Thursday, November 8, 2012

Money Changes Everything (Book Review: Why I Left Goldman Sachs, Greg Smith)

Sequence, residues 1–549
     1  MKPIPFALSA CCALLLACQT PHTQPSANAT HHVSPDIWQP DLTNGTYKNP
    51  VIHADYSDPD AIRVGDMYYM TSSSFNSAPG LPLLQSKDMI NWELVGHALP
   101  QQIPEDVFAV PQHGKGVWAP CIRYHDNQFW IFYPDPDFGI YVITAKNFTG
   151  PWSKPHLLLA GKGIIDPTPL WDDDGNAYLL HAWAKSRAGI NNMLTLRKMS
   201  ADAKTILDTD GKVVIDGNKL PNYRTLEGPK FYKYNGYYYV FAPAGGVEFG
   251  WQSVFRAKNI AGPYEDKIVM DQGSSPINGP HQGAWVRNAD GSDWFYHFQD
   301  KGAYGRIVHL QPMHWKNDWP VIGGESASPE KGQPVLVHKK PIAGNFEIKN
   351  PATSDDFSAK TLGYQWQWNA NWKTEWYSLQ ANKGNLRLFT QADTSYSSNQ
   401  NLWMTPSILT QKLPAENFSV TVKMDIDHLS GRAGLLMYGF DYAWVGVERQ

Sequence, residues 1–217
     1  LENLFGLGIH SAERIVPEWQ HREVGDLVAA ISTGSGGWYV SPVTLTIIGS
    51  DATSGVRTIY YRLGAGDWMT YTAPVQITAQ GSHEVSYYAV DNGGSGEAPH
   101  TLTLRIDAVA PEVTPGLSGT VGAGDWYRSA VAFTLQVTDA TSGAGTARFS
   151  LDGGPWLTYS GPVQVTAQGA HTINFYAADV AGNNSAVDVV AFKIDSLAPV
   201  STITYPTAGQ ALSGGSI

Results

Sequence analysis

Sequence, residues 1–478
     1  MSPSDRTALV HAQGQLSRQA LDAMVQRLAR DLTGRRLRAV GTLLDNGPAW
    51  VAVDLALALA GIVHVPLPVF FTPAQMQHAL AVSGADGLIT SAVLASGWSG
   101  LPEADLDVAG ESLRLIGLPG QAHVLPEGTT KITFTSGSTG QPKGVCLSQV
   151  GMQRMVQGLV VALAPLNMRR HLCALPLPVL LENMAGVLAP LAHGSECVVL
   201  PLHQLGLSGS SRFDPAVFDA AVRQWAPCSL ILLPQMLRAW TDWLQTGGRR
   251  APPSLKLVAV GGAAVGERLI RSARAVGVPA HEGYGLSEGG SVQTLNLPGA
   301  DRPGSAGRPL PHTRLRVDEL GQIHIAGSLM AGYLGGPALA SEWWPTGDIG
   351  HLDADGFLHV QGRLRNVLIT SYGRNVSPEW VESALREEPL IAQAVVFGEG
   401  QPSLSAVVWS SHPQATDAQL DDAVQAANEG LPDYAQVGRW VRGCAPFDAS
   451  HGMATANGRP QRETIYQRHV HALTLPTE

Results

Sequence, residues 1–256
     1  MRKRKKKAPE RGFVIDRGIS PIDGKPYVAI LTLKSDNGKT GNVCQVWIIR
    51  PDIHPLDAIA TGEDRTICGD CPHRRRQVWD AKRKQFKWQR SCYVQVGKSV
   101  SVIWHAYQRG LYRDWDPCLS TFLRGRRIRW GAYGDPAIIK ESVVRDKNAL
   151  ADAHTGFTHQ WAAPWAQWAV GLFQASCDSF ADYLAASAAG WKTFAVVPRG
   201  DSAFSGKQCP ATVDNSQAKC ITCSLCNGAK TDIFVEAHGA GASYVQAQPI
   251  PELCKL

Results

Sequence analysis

When I was a College Sophomore, I got a part time job at one of those old-school Investment Baking firms, and ever since then, until two years ago, I was a Wall Street employee. I have worked at several trading desk over the years - not as a trader or sales person - but as middle and back office support for the. So, I am familiar with the environment and culture that Greg Smith talks about on his book, "Why I Left Goldman Sachs." Maybe that's why I was attracted to this book. It's a memoir of sorts, specifically around Mr. Smith's tenure at Goldman Sachs, starting as a college intern, up to his Vice President days at the New York, and later, London offices of GS. As a book, I thought it was pretty fascinating, although I don't know if it would necessarily read well with people who may not be into finance. I saw it more as a story of a man and his loyalty. I don't really think there is anything shocking or revelatory in it, and if someone thought there was, I honestly don't think it was malicious on the part of Mr. Smith. I wish the story was just a bit more personal - we only learn bits and pieces of his personal life, and of a more nebulous account of a love affair with "Nadine." I think that would "humanize" Mr. Smith a lot more. But then again, that may not be the intent of this book. Some details are almost nonsensical, but this book is finely written, and always kept my interest level high. I do agree that the culture of firms have changed considerably, on a company politics level anyway. It used to be more familial, but I noticed at my last firm, it was more "each man on his own." Even though right now I am no longer in the business, I do think I may come back one day. Hopefully, if I do, it would be like the way it was before. 


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